At the last Telluride School Board meeting the addition of a Growing Spaces Growing Dome as a learning lab and contributor to the school food system was given final approval. The pursuit of a greenhouse for the school has been a long time effort, really started nearly 10 years ago. But patience is a virtue and the 26’ diameter growing dome that will be up and running soon will be a great school asset.
On Tuesday, workers from Sunrise leveled the spot behind the school on a small bench just above the parking lot. It’s tucked in pretty well, yet the site gets plenty of sun all year. This dome is funded in part through the Telluride Medical Foundation’s Carol M. White Physical Education Program (PEP) grant, the Southwest Institute for Resilience, and in-kind support from EcoAction Partners. None of it would be possible without the input, support and approval from the Telluride School District including the administration, several teachers and the school chef, Michael Goller.
A webinar put on Tuesday by LiveWell Colorado (www.livewellColorado.org), “Beyond the Schoolyard Garden:Use of School Grounds for School and Community Production” offered excellent examples of innovative ideas for getting more local food into schools. School gardens and even greenhouses are no longer considered cutting edge, but how about a school/community farm? In Salida, people realized there just weren’t enough food producers in their county to form a strong farm to school bond. Even the grocery stores were hard pressed to find locally grown food for their produce bins. So the school decided to step into the farming business and see what they could grow on school property. As they design and build a new high school they will be incorporating a school “garden” on two to three acres of school land.
Agriburbia is a group on the front range which has begun installing food production areas next to school gardens. According to their website:
“There are approximately 3,000+ acres of Agriburbia® currently being designed and developed. In today’s climate of soaring gas prices, international conflicts, and concerns about food availablility and quality there are highly profitable opportunities emerging in sustainable land development. Agriburbia® incorporates the current set of sustainable practices such as alternative energy, natural storm water management, and pedestrian focus and adds a new element that is the re-integration of food production directly within the living environment.”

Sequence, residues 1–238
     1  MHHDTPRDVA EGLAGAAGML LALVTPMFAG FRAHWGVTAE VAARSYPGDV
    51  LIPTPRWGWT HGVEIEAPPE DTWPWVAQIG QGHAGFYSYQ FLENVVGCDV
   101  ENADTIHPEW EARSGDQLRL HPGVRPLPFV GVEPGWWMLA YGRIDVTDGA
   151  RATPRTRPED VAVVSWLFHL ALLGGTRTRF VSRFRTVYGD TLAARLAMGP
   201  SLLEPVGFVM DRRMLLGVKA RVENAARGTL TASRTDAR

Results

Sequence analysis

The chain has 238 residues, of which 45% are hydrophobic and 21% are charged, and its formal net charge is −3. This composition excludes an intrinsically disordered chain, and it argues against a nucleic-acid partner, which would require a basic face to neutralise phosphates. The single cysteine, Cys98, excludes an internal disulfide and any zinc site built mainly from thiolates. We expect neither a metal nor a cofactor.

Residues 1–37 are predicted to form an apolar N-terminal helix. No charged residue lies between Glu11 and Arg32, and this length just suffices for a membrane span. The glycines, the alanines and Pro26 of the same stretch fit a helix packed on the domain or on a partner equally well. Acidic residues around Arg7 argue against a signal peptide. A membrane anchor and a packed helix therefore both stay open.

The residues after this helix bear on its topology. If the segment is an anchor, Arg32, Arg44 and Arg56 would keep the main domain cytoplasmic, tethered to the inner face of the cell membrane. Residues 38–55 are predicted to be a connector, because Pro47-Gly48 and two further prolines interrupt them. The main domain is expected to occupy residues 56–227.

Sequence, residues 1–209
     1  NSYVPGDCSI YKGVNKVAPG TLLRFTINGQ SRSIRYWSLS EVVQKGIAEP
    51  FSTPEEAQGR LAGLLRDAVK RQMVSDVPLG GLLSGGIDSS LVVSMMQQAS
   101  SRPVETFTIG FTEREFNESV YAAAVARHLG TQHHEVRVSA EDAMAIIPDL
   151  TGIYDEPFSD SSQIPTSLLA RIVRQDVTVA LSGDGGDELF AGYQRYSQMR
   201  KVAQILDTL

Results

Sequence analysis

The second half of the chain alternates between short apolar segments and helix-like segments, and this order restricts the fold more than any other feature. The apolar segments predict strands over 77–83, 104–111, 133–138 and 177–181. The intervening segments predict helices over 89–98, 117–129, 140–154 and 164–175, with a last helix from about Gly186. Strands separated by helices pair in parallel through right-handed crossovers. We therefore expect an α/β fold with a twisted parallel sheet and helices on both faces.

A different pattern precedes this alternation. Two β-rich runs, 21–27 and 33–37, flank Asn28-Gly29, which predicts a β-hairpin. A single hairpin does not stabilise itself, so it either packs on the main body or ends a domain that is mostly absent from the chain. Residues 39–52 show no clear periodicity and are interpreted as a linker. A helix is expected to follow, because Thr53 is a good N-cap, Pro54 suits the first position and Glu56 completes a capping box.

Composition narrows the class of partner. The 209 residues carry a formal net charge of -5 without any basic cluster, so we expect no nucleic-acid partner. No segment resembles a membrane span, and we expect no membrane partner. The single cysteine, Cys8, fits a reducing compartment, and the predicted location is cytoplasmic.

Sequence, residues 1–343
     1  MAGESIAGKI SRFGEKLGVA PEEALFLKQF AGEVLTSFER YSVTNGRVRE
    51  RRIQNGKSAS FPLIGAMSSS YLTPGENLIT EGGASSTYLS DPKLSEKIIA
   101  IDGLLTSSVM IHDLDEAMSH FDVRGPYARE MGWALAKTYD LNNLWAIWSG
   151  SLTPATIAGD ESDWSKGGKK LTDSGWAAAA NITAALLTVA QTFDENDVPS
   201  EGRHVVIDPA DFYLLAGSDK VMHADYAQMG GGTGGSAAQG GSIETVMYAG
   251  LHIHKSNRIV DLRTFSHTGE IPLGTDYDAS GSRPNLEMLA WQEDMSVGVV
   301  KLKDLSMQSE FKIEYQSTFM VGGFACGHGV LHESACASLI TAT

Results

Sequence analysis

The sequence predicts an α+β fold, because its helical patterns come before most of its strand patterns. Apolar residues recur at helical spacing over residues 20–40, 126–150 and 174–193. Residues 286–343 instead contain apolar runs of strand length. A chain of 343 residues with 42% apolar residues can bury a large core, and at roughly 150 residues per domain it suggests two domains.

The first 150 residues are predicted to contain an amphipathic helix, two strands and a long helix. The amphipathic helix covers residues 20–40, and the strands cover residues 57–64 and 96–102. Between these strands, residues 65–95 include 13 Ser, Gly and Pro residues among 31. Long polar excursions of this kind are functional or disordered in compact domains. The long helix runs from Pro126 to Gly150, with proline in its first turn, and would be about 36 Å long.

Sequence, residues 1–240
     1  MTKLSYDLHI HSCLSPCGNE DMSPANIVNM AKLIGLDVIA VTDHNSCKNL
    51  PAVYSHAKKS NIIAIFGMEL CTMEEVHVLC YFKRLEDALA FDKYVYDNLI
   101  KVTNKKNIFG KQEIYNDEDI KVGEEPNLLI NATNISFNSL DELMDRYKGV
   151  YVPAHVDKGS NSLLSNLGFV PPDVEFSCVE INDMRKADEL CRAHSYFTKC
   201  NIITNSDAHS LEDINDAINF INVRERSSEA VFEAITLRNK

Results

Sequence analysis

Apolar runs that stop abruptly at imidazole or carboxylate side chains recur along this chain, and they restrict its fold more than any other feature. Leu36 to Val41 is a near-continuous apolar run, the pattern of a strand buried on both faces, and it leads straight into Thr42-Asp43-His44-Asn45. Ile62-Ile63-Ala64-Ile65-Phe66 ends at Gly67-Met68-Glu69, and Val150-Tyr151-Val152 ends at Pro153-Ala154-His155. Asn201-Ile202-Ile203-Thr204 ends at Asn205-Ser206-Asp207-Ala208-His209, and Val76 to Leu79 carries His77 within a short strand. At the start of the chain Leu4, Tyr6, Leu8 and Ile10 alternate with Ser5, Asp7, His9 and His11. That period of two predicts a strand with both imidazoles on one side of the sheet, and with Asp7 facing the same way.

Perhaps the project most similar to what will be possible with the Telluride dome is the 42’ Growing Dome at the Galileo School of Math and Science in Colorado Springs. They’ve put together an eight- minute video that will show you what’s going on there including harvesting luscious lettuce that will go right into their school salad bars. (Visit their website at http://w3.d11.org/galileo to check it out.) Will we be able to post our own video next year? I certainly hope so!
A huge thanks to all who have helped so far and those (maybe you?) who will help bring this greenhouse to fruition. We still have some site prep work to do in the next few days and are waiting to hear when we can get a supervisor from Growing Spaces to help dismantle the dome (currently in Ridgway) and help us put it up at its new location behind the Telluride High School. Gardeners, landscapers, Master Gardeners, folks with useful items to donate (including funds)…. We need you all!
For more information about the dome and how you can get involved, please email me at email@example.com or call me at 970-708-0289.